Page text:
He also usually sang the bass part in the annual spring production of the Messiah on campus and regularly sang with the community Gilbert and Sullivan Company. He was, at the time, so loved and respected by both students and faculty alike that Ralphie was named in honor of his young son.
C. Mark Brown (A&S’61)
These are my comments on CU Around, page 40 [June 2012 issue] regarding “Ralphie facts.” I have been around the university only 50 years and I do not recall any reference to “Rraalph” since the first Ralph was commissioned in 1966. This was prior to the Super Bowl and before the two football leagues merged into one NFL, before the escalation of the Vietnam War and an era of “good times.”
What I do remember is the TV show The Honeymooners was in full force with afternoon reruns (when most of the student body spent their lazy afternoons watching TV). The U.S. was aiming for the moon under JFK’s directive of putting a man on the moon by the end of the decade, which made Ralph Kramden’s (played by Jackie Gleason) continuing threat to Alice as he shook his fist, “Alice, one of these days, to the moon,” fit the mood of the country.
Ed Norton (played by Art Carney), was Ralph’s best friend. Joyce Randolph played Ed’s wife Trixie who was best friends with Ralph’s wife, Alice Kramden (played by both Audrey Meadows and Shelia McRae).
The strong connection to CU football was the fact that Audrey Meadows was married to Robert (Bob) Six. Bob was the founder of Continental Airlines, booster for the University of Colorado and a very good friend of Coach Eddie Crowder. I remember seeing him in the old “team house” after some of the home games.
So in honor of Ralph Kramden, one of the game themes was “What’s it all about Ralph?” And you are correct, when a fan noticed Ralph was a girl, the name changed to “Ralphie,” which has stuck.
J. E. H. Knutson (Bus’69)
[Associate athletic director Dave Plati (Jour’82) responds: The official story is based on what was told to us by the original Ralphie handlers. In 1966 John Lowery, the father of a CU freshman from Lubbock, Texas, donated a six-month old buffalo calf. For a while, she was billed as “Rraalph,” the name given by the student body after sounds she allegedly made while running and snorting (original handlers will tell you something else). When a fan discovered the buffalo was a female, the name became Ralphie.]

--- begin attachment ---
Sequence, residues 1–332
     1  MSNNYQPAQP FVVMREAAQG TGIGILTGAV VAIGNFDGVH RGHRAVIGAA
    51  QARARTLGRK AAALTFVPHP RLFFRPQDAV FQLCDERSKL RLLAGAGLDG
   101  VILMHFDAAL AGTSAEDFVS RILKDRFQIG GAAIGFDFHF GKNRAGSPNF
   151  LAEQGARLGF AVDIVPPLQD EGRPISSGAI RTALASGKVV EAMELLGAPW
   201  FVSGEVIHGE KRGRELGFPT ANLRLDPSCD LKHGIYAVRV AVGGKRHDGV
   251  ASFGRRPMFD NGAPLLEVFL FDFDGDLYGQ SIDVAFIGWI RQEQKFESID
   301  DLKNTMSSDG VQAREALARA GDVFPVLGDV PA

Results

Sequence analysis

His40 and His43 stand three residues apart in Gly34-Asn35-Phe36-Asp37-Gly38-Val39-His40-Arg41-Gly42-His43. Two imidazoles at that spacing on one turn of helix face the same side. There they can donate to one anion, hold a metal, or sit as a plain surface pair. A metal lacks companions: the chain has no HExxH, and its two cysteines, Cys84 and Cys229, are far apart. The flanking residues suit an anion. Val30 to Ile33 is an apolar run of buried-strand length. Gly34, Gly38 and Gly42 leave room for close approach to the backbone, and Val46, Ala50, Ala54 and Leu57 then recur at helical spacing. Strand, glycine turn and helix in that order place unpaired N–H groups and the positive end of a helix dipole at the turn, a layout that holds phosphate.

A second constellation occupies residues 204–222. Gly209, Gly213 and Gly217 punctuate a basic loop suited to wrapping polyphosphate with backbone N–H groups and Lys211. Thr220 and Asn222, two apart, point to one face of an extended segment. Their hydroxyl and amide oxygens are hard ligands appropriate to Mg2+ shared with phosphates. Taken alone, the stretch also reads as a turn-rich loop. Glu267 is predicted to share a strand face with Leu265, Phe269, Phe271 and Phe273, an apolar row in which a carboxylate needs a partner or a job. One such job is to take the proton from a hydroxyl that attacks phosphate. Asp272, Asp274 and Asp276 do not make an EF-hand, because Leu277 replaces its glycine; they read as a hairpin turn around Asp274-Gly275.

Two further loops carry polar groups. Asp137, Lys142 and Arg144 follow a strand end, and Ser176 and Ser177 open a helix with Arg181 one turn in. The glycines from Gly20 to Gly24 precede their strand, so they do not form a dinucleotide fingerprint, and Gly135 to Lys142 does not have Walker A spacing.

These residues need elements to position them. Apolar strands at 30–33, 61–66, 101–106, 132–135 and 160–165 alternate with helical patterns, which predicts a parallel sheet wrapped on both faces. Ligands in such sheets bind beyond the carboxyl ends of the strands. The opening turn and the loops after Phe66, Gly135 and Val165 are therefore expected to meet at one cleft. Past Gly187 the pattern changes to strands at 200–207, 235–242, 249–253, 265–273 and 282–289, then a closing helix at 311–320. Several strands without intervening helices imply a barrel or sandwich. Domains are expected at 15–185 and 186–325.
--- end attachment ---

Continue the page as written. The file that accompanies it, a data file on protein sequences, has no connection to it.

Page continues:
Celebrating 50 years
Thank you, Chancellor Philip P. DiStefano, for “A call for courage” [page 60, June 2012 Coloradan]. It was in recognition of our class of 1962.
DiStefano writes of developments in 1962, such as the beginning of the Space Age, publication of the books To Kill a Mockingbird and Silent Spring, integration and Peace Corps involvement. That year, in my opinion, also was the last year before the “Age of American Assassinations.”
My attendance in cap and gown at the 50th reunion [during commencement] brought memories and produced an assessment. I summarized my past 50 years as a series of mistakes, bad decisions and wrong turns. Yet, by some miracle, I came out on top. A life of this sort therefore should not discourage new graduates. Life, or at least a big part of it, is unpredictable. It takes courage to
If indeed there is a “spirit of ’62,” as DiStefano writes, I found its 50-year progeny well and thriving in Boulder during our reunion. It is, after all, part of the spirit of CU, an ever-growing wonder.
The graduates of 2012 displayed it in all its glory. And they did this despite an economy that we in 1962 only read of in the history of the Great Depression. Hence, they are launched into a far stronger headwind and face personal challenges with student debt unknown in our era. Courage, a double dose, is called for.
Risto K. Martinnen (Hist’62)